I’m very pleased, because it saves me about 45 minutes of work every two days in warm weather, Søren Pedersen says.
He is production manager for I/S Pedersen, a farm justoutside Ringkøbing. He is pleased by the decision to use dry (i.e. powdered) acid on the farm when, during periods of warm weather, he premixes TMRs, primarily for dry cows and dairy cows, to inhibit the generation of heat.
It changes his procedures because he no longer has to premix compounds every single day during summer. This has been reduced to every other day.
- The feed stays fresh, and the cows knock it back.
Everyone knows that they don’t feel like eating it when it’s soggy.
Obviously, the whole purpose of ensiling the crop is to preserve it, to maximise the nutritional yield. If properly compressed, no oxygen will be present in the silage, which enables the lactic acid bacteria to quickly produce large amounts of lactic acid. This lowers the pH in the
silage, retaining the highest possible nutritional value. A “good” pH value will depend on the percentage of dry matter, however: the higher the percentage of dry matter, the more tolerable an “elevated” pH value will be. As a rule of thumb, pH should be less than 4.6 when the percentage of dry matter in the silage is 35%. When in doubt, it is a good idea to ask your consultant.
But when taking out a portion of the silage to make TMR, it is unavoidable that it will come in contact with oxygen. This initiates various fermentation processes and generates heat. As a result, the mixture can easily develop mould as well, a taste that few cows like. But the process can be inhibited by using the right ensiling agent. Previously, Søren Pedersen used liquid propionic acid for TMR mixes, but decided to stop using it entirely as it was impractical
and dangerous to use.
- Handling liquid acid is nasty business. Although we were cautious and mixed the acid with water first, it was still unpleasant. We’d rather use an alternative, which back then was to mix the TMR every single day, he says.
He shows us around the farm where he is also assisted by a farmhand in the yellow-brick cow barns from 1998 and 2002 respectively. He apologises for the “mess” caused by the sweeping machine that left behind exactly 12 straws on the floor of the barns’ entrance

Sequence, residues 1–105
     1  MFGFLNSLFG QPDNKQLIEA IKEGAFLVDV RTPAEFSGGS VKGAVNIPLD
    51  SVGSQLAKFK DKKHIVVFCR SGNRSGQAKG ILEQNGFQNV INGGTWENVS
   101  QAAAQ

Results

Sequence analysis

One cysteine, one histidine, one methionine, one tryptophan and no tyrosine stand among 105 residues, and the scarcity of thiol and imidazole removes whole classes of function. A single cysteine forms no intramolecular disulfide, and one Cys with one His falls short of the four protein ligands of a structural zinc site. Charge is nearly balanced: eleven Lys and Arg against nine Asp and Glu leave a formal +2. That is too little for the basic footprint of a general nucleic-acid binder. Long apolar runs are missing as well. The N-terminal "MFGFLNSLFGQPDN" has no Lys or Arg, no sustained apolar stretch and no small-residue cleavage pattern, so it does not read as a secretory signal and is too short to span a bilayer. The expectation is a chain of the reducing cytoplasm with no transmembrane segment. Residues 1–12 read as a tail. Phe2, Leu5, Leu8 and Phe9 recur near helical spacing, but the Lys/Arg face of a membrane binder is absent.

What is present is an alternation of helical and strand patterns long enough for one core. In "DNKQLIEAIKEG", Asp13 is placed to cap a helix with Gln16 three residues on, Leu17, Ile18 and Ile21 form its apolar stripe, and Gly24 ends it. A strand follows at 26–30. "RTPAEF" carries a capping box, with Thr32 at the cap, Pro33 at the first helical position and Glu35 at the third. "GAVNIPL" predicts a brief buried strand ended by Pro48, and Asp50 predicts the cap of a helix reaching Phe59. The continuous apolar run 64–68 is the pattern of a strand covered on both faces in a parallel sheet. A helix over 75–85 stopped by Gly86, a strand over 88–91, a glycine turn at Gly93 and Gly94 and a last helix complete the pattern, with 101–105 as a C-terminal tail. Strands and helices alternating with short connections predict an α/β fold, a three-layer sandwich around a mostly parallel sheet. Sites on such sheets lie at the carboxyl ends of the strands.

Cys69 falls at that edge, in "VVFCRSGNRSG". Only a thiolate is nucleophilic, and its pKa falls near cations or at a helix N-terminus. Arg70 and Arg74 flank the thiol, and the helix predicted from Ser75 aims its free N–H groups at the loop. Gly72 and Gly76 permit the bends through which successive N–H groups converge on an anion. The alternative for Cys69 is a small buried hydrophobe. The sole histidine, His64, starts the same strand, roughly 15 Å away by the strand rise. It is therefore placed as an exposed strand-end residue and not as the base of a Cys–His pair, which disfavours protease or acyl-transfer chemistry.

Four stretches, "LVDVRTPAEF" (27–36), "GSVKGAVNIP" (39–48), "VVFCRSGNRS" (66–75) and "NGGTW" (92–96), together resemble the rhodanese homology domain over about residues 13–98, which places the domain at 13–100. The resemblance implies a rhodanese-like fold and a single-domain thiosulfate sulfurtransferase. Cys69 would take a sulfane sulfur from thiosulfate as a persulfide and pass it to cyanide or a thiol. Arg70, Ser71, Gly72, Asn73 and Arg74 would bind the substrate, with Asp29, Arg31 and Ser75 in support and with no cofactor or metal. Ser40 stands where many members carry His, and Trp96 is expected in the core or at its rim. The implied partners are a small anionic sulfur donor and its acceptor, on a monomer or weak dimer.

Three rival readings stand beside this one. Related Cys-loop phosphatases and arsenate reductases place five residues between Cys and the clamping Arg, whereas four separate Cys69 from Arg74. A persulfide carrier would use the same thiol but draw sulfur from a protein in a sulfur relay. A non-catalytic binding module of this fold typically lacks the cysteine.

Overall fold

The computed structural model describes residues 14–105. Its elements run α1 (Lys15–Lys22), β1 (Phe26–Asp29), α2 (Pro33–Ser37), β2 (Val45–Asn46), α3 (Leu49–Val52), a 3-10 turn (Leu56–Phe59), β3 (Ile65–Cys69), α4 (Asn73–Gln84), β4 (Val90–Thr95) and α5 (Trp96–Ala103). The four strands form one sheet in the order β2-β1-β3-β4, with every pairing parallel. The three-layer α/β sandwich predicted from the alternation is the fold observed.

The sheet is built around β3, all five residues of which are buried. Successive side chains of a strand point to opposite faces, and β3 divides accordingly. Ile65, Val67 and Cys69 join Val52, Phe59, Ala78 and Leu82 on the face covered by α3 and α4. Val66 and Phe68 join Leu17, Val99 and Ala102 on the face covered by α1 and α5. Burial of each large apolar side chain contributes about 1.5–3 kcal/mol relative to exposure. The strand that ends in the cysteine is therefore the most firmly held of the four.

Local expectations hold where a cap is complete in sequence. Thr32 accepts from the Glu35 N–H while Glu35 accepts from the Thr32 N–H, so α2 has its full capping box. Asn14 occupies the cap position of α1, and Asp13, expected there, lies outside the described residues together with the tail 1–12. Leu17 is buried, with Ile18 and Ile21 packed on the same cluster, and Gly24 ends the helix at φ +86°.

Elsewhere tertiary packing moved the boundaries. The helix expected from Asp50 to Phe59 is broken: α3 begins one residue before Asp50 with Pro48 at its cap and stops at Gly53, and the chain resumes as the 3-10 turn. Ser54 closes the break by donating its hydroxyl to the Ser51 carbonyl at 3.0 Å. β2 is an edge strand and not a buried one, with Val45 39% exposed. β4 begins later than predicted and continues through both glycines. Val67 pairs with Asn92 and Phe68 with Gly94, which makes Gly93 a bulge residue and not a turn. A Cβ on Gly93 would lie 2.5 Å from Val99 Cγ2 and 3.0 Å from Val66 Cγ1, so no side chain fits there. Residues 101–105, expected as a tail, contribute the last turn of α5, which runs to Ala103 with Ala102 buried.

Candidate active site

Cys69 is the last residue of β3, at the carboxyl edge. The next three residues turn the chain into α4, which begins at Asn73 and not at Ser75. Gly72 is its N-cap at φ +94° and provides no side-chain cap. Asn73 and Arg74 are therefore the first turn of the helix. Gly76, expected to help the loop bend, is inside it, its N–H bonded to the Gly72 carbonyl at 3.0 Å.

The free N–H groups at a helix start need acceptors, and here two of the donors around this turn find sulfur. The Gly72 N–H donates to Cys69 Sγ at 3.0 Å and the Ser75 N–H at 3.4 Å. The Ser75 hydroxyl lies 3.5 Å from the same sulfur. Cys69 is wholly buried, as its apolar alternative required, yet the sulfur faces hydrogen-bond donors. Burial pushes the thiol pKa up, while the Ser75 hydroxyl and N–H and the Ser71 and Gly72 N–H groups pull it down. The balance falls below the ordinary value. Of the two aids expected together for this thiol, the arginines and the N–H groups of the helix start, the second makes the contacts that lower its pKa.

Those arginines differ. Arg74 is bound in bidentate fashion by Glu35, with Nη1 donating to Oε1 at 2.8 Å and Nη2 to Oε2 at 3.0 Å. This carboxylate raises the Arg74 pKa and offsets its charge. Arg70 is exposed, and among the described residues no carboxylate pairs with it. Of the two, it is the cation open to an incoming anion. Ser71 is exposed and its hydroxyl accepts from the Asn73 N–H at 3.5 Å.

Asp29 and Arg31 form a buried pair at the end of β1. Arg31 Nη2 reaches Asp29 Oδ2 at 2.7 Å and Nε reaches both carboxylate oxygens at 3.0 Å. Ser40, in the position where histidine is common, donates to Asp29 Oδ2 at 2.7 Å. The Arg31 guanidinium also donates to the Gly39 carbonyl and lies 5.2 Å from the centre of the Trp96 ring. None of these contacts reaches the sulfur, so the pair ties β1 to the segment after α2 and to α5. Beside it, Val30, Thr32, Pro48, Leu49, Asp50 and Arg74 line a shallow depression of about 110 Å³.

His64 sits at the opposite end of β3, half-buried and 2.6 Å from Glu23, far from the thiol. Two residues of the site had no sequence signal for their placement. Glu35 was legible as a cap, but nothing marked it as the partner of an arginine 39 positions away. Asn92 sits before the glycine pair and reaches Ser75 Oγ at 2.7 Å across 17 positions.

section. The barns are laid out so that when moving the cows, the entire process can take place indoors. This is practical, but the production manager is particularly proud of the fact that the farm has received the maximum bonus from Arla for the past 12 months for maintaining an average cell count of less than 150,000, among other reasons.
At this time of the year, and for many months going forward, it is hardly unusual to see workloads at farms throughout Denmark quickly spike. The farm where Søren Pedersen is production manager is no exception.
- Dry acid costs a little more. I don’t actuallyremember how much. But the time I save is
also worthsomething. This should never be underestimated, becauseI’m worth more for the farm doing other things. We made atrade-off but without specifically doing the maths, he says.
Søren Pedersen is pleased that he made this trade-off. At farms all over Denmark, farmers are looking for ways to optimise operations and, before making any changes, they typically assess the benefit in relation to the investment.
Choosing dry acid was no exception for Søren Pedersen in this case.
At the same time, the change means that the farm, as a workplace, no longer needs to be HACCP registered. This is because he and the other employees no longer use liquid acid.
HACCP is an acronym for Hazard Analysis and Critical Control Points, which are monitored by the Danish Veterinary and Food Administration in Denmark. This type of registration requires the payment of an application fee (almost DKK 500) and an annual basic fee of around DKK
Although it is true that such a minor expense would rarely prevent a modern farmer from using a product, he knows that if he decides to use liquid acid, he will be spending more time
at his desk.
The dry acid product used by Søren Plauborg is relatively new on the market and its name is FreshFoss. He made the change on the advice of a DLG consultant, and Søren wasn't included in the pilot group of dairy farmers. But the consultant, according to Søren Plauborg, had found it to be ‘very satisfactory’. The advice was appreciated, because it is sometimes difficult to select a product because of the others on the market with the same function.
FreshFoss was introduced last year after being tested more than 100 times in 40 different silage mixtures.
- We could tell that the farmers liked it, says Per Theilgaard, who manages the ruminants and supplement product area at Vitfoss, which manufactures the product.
He states that the product contains a ‘combination of acids’. The precise acid composition is a ‘trade secret’ however.
FreshFoss is available in a conventional version and a version approved for organic farming.